ACM 382: King Hu
Taking ACM 382, I was hoping to learn about different filmmakers, directors, authors etc. and on how their different style of directing had impacted the generations of filmmaking. When I had heard that this class only focused on one director, King Hu, it did feel strange to talk about just one director in the class. At first, I had not heard about King Hu, but as George had explained about how King Hu had shaped martial arts cinema, I had thought that yeah, I can give this class a chance. Now looking back at all the films that I had watched this semester, I can say that I’m glad that I had stayed in this class, learning about King Hu every week.
Three of my most favorite King Hu films in this class was Come Drink With me, Dragon Gate Inn, and Fate of Lee Khan. One of the main reasons that these three are my favorite films is because all three had female fighters. From most of the Twentieth-Century films that I have watched so far does not have a female who is able to fend for herself and has to rely on a male protagonist to save her. In King Hu’s films, however, female fighters in films can be defined as having a King Hu aesthetic to them.
Three of my least favorite King Hu films is the Valiant Ones, Legend of the Mountains, and Painted Skin because the concepts in these films were confusing for me to follow, especially Painted Skin. These films were interesting, with one of the films followed the same concept, whereas Legend of The Mountain and Painted Skin follows a horror/ghost story plot that’s different from the usual King Hu films. They sort of dragged off during the film and it got confusing towards the end.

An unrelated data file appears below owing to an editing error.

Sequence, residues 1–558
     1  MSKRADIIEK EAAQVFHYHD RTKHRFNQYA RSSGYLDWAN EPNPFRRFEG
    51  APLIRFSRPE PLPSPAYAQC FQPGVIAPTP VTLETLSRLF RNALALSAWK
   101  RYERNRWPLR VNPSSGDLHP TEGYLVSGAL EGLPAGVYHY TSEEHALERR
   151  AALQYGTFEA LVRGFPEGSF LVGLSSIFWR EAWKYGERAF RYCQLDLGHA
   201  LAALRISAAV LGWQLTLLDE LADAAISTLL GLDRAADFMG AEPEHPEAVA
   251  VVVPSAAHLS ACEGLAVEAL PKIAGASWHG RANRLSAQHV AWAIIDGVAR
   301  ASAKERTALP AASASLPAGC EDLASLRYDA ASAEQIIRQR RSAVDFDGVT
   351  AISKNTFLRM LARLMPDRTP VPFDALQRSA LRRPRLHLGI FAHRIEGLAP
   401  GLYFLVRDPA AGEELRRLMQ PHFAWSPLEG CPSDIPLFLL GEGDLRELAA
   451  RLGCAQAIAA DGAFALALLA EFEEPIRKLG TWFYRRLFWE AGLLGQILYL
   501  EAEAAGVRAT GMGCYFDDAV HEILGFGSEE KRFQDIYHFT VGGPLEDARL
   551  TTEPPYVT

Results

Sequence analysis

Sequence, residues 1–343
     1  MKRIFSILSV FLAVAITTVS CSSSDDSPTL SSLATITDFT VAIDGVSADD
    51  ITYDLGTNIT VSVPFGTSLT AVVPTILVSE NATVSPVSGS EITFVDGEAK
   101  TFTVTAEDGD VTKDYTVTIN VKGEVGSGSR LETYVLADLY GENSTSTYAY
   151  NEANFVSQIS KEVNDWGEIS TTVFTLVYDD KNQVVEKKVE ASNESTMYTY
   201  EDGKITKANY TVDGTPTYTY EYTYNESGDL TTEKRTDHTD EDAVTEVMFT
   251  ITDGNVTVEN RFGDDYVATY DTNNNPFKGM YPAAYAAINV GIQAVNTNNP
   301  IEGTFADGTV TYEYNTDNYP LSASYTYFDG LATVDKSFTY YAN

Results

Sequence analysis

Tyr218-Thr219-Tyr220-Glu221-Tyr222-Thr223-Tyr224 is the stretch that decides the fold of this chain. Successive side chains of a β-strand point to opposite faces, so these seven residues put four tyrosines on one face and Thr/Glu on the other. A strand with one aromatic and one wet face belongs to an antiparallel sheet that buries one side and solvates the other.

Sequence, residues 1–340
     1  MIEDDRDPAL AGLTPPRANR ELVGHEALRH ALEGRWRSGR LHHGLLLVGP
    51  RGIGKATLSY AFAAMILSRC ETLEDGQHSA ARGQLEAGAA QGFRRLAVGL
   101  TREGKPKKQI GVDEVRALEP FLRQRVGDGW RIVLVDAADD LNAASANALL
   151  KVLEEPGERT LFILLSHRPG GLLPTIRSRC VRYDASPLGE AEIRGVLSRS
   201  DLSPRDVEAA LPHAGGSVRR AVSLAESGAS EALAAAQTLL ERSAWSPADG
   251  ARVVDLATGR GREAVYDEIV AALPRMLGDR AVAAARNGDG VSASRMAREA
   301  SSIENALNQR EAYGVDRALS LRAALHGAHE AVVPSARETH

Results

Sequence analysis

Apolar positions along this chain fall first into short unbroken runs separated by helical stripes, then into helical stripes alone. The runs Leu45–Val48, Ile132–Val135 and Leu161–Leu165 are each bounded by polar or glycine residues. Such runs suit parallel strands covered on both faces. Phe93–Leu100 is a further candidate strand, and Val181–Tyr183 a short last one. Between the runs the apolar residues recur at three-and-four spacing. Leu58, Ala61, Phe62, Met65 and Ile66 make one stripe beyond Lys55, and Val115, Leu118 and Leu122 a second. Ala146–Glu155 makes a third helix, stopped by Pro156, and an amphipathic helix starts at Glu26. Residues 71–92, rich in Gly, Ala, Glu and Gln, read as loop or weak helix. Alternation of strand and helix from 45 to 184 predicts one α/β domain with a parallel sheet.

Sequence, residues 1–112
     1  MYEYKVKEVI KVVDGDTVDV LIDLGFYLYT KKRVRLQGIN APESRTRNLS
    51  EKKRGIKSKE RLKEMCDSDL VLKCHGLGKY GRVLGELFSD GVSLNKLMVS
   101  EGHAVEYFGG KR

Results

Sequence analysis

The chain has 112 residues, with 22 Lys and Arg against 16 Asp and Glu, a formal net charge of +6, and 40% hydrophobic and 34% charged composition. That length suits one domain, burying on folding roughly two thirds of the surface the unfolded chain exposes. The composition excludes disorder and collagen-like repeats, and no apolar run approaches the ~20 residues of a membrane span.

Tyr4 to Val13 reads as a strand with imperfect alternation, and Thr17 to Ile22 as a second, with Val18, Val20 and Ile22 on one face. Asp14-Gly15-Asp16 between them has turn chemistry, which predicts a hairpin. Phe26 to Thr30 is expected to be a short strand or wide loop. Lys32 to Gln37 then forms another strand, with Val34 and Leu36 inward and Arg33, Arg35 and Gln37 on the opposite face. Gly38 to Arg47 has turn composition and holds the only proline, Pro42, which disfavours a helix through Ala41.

As I see fit, I think King Hu has impacted martial art cinema by his concept of his films. His films were successful in it’s time, which also helped actors that were cast in his films become famous. King Hu even had no experience in the form of martial arts, but he has proven that anything can be articulated as martial arts, like a form of dance. Using influences and elements of Chinese traditional opera, a form of dance can look like a form of martial arts, which can be seen in Cheng Pei-Pei’s scene in Come Drink With Me. The film’s mis-en-scene can be clearly defined as being an influence by King Hu, the setting at an Inn being one of most defining aesthetic in King Hu’s films. King Hu has also influenced other filmmakers such as Ang Lee. In Ang Lee’s film, Crouching Tiger, Hidden Dragon, with the film’s polished style of martial arts and wire action, you can clearly see most of the film’s aesthetics and mis-en-scene that are heavily influenced by King Hu. Even casting Cheng Pei-Pei as the films antagonist, you can’t help but still see her as that young female warrior in Come Drink With Me, which is channelled through Jen in Crouching Tiger, Hidden Dragon.